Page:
The Santa Rosa Junior College Board of Trustees in May approved the first steps toward creating a project labor agreement for new construction at the college. Former college Vice President Curt Groninga and former trustee Rick Call, the North Coast Builders Exchange and The Press Democrat editorial board all opposed the board approving a pilot PLA —prior to a decision to adopt a permanent PLA policy.
As a full-time instructor at the college for more than two decades, I strongly support PLAs.
Good public policy must be based on peer-reviewed, empirical research. However, during the JC debate about PLAs, critics chose to ignore the most recent academic research about the benefits of PLAs for the college and the community. It’s time to set the record straight.
PLAs apply to large construction projects with complex design and long duration that require many highly skilled workers and coordination among crafts. Negotiated prior to the hiring of workers for a project, PLAs are legally binding agreements between the developer, general contractor and construction trade unions.
PLAs set out the terms and conditions of employment, including hiring procedures, wages, health and retirement benefits, health and safety conditions and work rules. Qualified workers are dispatched from local union hiring halls, and unions agree not to strike or picket during the life of the agreement.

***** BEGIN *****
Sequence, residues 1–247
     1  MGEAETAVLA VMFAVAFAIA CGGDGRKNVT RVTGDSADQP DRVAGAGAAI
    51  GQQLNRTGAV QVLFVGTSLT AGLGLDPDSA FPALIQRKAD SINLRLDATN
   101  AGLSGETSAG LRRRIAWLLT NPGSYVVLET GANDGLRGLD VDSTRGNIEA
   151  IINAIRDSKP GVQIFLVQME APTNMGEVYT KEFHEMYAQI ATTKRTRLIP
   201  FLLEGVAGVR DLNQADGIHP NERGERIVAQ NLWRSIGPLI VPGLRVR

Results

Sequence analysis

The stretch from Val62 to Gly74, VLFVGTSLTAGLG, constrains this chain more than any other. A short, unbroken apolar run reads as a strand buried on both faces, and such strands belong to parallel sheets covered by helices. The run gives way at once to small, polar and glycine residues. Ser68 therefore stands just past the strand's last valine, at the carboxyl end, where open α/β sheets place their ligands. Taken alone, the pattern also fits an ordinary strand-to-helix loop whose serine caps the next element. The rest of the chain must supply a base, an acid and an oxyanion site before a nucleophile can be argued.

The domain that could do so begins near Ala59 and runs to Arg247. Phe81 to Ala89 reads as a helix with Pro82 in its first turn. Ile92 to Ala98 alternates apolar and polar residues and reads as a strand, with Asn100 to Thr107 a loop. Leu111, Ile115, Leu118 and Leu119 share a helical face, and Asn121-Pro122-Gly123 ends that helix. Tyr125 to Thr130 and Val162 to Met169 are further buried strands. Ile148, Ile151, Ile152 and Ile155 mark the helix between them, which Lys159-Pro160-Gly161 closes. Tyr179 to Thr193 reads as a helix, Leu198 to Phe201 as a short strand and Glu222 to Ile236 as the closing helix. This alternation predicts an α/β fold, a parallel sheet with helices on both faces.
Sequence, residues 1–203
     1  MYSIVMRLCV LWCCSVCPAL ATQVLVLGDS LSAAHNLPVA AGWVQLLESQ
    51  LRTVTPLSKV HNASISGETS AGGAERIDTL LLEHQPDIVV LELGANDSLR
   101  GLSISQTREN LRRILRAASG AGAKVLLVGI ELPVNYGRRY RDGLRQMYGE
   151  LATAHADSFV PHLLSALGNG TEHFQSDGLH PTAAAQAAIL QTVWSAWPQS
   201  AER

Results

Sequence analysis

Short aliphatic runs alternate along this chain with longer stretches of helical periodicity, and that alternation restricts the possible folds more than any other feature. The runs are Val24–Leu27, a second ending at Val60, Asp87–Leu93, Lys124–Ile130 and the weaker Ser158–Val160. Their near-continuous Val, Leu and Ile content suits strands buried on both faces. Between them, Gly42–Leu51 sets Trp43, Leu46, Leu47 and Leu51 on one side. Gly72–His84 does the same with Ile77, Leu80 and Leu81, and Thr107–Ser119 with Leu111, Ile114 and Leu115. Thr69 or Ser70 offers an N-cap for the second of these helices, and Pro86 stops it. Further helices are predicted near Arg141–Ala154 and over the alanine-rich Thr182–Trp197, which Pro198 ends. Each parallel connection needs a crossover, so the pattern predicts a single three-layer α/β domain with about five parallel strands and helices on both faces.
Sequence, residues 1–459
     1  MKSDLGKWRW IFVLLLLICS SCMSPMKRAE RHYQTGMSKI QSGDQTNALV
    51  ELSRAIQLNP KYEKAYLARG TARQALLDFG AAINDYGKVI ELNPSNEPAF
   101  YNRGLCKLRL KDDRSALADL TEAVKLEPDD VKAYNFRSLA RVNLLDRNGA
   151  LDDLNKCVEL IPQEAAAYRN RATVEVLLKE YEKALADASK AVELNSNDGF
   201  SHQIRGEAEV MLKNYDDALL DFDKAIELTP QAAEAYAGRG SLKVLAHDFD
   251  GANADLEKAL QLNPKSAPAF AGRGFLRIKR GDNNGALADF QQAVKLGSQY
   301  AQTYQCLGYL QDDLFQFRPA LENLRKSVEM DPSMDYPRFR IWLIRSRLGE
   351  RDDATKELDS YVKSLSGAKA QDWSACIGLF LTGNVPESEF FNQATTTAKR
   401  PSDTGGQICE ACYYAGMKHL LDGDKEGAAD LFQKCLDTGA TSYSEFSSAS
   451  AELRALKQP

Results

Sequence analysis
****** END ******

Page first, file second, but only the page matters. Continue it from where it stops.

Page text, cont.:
Opponents like the North Coast Builders Exchange and some nonunion contractors claim that PLAs discourage nonunion contractors from bidding, reduce the number of bidders and thus drive up costs. However, in 2016 economist Peter Phillips, a University of Utah professor and visiting scholar at the UC Berkeley Labor Center, published the most comprehensive analysis of PLAs for California community college construction.
Phillips analyzed seven construction projects from 2008-2015 at the College of Marin: three with PLAs and four without. He also conducted a statistical analysis of 88 California community college construction projects with PLAs and 175 without completed between 2007-2016.
Based upon both the College of Marin case study and the statewide statistical analysis, Phillips found that “PLAs do not reduce the number of bidders nor do they raise costs on California community college projects.”
A 2011 report by Cornell University School of Industrial Relations researchers emphasized that construction is a seasonal boom and bust industry; contractors are challenged to retain skilled workers and overcome chronic labor shortages. PLAs ensure a steady supply of qualified skilled labor, and the high quality of workmanship makes them cost effective and eliminates costly mistakes; projects are completed on time and within budget and delays due to work stoppages or strikes are avoided. PLAs also standardize contract terms — such as work hours, paid holidays and overtime — for different trades.
PLAs also can mandate a targeted hiring policy requiring that 50 percent or more of workers on a project are local residents.
As a consequence, PLAs address one of the most challenging issues of our time: soaring inequality and the emergence of an hourglass economy with job growth concentrated at the top and the bottom, squeezing the middle.
A four-year apprenticeship provides a pathway for low-income residents in the North Bay to enter a skilled trade and the American middle class. A union journeyman electrician in Sonoma County earns $98,592 annually plus comprehensive medical and retirement benefits.
In addition, craft unions have developed pre-apprenticeship programs for those with little or no construction experience that teach basic skills needed to qualify for apprenticeship programs. The Marin-Sonoma-Mendocino-Lake Building and Construction Trades Council has developed such a program. SRJC students will be eligible to participate in the pre-apprenticeship program.